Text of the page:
The motives are the same for everyone, regardless of their job title, he said.

Tyree emphasized firefighter arson is a rare occurrence in a state where approximately 8,500 fire service members work throughout 438 departments.

About 98 percent of the agencies, he said, are volunteer or combination fire departments.

“It would be in comparison to a computer technician committing computer fraud or a banker embezzling money,” he said.

Investigators in West Virginia helped arrest 51 people for arson-related crimes between 2015 and 2016, according to a report from the fire marshal’s office.

Few details are available when it comes to arson data, especially when it comes to a suspect’s occupation, the U.S. Fire Administration said in a 2003 report. There is no solidified way to track the number of firefighter arson cases, which can take years to conclude.

Each case is potentially damaging for the affected department. However, Tyree said most residents are quick to forgive an agency for the behavior of one member.

“We have found people in the community will rally around these departments because they know that it’s not something that’s condoned by the department, nor is it acceptable,” he said.

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A problem with arson can spread like wildfire if a department loses touch with its members.

Chief Charley Bickford, of the Wilderness Volunteer Fire Department in Nicholas County, described his department as “self-policing.”

The formula for a healthy fire department, he said, is a combination of trust and communication.

“We are a very close-knit family,” he said. “Although it’s an occupation, it’s a little bit more than just a job.”

His volunteers are encouraged to speak up if they notice a change in their peers’ behavior or personalities.

A firefighter might be upset because an employer turned down a request for a pay raise, or he or she could be suffering from the onset of a drug addiction or mental disorder.

Though it’s not required by state law, Bickford’s department uses a background check and 90-day orientation to filter troublesome candidates during the hiring process.

Departments that can’t afford a background check can ask about an applicant’s criminal history on the job application. Bickford’s department does both.

However, he said, a volunteer can change under the pressures of a dangerous, sometimes traumatic job.

Arson, aside from being a symptom of mental illness, can be therapeutic for some people.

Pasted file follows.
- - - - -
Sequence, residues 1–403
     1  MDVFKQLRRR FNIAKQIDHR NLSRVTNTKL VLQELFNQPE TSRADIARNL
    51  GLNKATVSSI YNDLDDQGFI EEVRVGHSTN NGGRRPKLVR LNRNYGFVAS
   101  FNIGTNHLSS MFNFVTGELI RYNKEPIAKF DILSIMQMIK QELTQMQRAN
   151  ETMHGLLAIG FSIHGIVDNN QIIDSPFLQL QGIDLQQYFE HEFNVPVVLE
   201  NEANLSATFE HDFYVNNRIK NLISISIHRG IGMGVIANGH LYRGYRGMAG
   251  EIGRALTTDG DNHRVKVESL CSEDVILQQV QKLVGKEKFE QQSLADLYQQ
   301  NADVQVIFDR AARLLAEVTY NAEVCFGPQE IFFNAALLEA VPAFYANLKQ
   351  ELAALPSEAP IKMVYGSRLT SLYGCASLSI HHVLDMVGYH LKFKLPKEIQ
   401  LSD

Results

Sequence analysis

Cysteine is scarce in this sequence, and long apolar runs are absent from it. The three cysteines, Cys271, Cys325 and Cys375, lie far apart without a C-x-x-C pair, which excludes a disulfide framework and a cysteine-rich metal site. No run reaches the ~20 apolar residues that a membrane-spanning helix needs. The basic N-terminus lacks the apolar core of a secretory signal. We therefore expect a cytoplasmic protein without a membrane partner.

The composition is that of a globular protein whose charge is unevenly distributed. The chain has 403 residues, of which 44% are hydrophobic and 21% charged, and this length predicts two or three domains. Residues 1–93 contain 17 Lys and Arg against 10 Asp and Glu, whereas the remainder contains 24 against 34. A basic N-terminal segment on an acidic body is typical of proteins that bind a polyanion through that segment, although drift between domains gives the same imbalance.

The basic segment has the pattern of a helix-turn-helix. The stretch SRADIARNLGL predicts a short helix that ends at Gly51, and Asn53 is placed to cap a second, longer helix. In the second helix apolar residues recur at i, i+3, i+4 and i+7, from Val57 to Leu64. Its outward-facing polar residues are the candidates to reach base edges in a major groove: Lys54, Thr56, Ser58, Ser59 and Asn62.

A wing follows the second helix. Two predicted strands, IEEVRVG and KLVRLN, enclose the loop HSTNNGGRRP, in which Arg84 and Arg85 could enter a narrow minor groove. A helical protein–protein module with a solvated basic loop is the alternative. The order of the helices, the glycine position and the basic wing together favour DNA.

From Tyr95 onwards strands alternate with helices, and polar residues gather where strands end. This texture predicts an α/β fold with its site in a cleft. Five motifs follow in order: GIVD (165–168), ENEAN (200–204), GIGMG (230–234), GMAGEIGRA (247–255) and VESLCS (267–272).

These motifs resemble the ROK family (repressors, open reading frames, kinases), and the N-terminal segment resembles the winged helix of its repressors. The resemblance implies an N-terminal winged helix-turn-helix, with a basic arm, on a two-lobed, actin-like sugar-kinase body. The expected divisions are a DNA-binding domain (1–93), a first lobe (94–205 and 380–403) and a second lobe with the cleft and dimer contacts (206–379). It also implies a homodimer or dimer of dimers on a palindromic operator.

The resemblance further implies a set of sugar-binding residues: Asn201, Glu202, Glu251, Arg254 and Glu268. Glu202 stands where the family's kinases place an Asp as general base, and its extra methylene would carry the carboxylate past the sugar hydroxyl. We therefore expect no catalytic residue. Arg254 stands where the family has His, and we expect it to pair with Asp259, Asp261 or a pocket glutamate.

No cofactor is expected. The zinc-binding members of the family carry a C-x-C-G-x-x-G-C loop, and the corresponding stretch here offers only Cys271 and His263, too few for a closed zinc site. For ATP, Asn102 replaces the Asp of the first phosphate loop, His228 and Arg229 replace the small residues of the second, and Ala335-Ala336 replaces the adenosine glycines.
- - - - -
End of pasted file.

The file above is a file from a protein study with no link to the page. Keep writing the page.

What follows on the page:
Bickford emphasized the importance of extinguishing an issue before it grows. If a firefighter gets away with arson, others might be encouraged to do the same.

“They want to have that excitement, and they want to have that thrill, so they generate their own emergency to respond to,” he said.

He became chief of the Wilderness Volunteer Fire Department about one year ago, and he took its past as a caution.

Investigators accused two of the department’s former firefighters — a father and son — of setting building and brush fires in the Mount Lookout area between 2011 and 2012.

The charges against Charles F. Barnett and his son, Charles L. Barnett, have been dismissed, according to the Nicholas County Circuit Court.

Such accusations may damage the firefighters’ morale efforts and the department’s fundraising efforts.

And qualified candidates could decide to work elsewhere if a department’s reputation is tarnished, Bickford said.

“The way that the community perceives it is: ‘If one firefighter does this, then all firefighters are capable of doing that,’ so therefore we’re all the bad guy,” he said.

When a candidate does apply, every existing member of Bickford’s department has the chance to review the applicant.

Accepted volunteers must then agree to undergo a background check, drug screening or physical and mental evaluation at any time during their membership.

Bickford said his caution aligns with the goals of firefighters nationwide: to protect citizens and fellow firefighters.

“When it comes down to it, that person you’re bringing on might be the only person that you have to go in and fight a fire with,” he said.

Reach Giuseppe Sabella at,

304-348-5189 or follow

@gsabella on Twitter.